Few verses have caused more controversy than Matthew 16:18, where Jesus says, “And I tell you, you are Peter, and on this rock I will build my church, and the gates of hell shall not prevail against it.” It has led to disagreement over the proper type of church government, the role of the pope (along with papal infallibility), apostolic succession, and more.
In context, Jesus probes his disciples for what the general public thinks about the identity of “the Son of Man” (v. 13). Their response indicates the breadth of the popular understanding of Jesus: he is John the Baptist, Elijah, Jeremiah, or another prophet (v. 14). So Jesus redirects his probe: “But who do you [plural = the disciples] say I am?” (v. 15). Peter responds for the Twelve: Jesus is the long-awaited Messiah, God the Son incarnate (v. 16). Jesus approves Peter for rightly identifying him, underscoring that his disciple didn’t humanly figure out this truth. Rather, it came as divine revelation—from Jesus’s heavenly Father (v. 17). Using a play on words, Jesus renames his disciple Peter (Greek petros) and promises to found Messiah’s church on “this rock” (Greek petra).
So what does “this rock” refer to? Let’s look at a few wrong answers before turning to what I think is the right one.
Rock as Peter and His Roman Successors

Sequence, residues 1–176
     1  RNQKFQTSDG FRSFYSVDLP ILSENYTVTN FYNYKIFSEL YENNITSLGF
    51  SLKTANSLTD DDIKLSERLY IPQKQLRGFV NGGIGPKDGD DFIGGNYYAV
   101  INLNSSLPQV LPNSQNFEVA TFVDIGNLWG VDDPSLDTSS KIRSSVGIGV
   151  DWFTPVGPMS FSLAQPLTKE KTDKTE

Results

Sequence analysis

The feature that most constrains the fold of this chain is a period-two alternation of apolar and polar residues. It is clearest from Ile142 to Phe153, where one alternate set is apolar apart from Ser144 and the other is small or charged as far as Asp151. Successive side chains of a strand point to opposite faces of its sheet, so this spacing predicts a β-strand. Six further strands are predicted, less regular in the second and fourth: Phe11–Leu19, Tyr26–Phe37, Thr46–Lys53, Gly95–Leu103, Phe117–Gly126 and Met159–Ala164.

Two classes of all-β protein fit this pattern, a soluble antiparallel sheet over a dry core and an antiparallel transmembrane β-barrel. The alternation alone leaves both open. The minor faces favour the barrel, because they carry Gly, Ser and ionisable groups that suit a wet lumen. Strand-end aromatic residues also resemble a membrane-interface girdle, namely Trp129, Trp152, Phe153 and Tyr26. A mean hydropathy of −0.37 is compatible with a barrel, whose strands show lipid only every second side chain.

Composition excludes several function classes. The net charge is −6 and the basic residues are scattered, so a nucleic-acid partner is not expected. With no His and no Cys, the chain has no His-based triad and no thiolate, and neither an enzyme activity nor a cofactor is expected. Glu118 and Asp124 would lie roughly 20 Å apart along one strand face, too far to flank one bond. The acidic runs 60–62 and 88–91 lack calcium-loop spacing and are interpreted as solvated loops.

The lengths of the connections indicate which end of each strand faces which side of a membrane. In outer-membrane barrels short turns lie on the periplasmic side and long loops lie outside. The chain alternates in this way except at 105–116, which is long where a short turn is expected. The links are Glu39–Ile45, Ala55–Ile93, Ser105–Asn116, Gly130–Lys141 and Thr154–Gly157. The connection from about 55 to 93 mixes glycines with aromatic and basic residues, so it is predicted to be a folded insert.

The Roman Catholic Church interprets “this rock” in reference to Peter as the first pope and the beginning of apostolic succession: Jesus authoritatively instituted an unbroken line of successors from Peter and the other apostles to the current bishops of the Roman Catholic Church. In this view, Pope Francis is now the vicar (or earthly representative) of Christ who, together with the other bishops, exercises Christ’s authority in teaching, ruling, and sanctifying the Church.
Using a play on words, Jesus renames his disciple Peter (Greek petros) and promises to found Messiah’s church on ‘this rock’ (Greek petra).
This interpretation arose centuries after the event and the writing of Matthew’s Gospel. From a Roman Catholic view, this passage is like a seed that only later flowered into the Church’s interpretation. So for Roman Catholics, the lack of mention of successors to Peter, bishops, and a hierarchical ecclesial structure—along with Jesus’s later giving of the keys not to Peter but to the church (Matt. 18:15–20)—is no deterrent to this understanding.
Additionally, the Magisterium—or teaching office of the Catholic Church—claims to possess Christ’s authority to provide the official interpretation of Scripture. And since they’ve officially interpreted Matthew 16:18 this way, this understanding stands as the authoritative and true one.
Historically, Protestants have rejected this interpretation of Jesus’s words. So how do Protestants interpret it?
Rock as Jesus or Peter’s Confession
One common Protestant interpretation says that whereas Peter is petros, a small stone, Jesus is petra, the rock. Thus, Jesus’s affirmation isn’t about a special role for Peter, but about Jesus himself as the cornerstone of the church (Eph. 2:20; 1 Cor. 3:11; 1 Pet. 2:5–8). But this view seems to be more about steering clear of the Roman Catholic interpretation than a plausible exegesis of the text itself.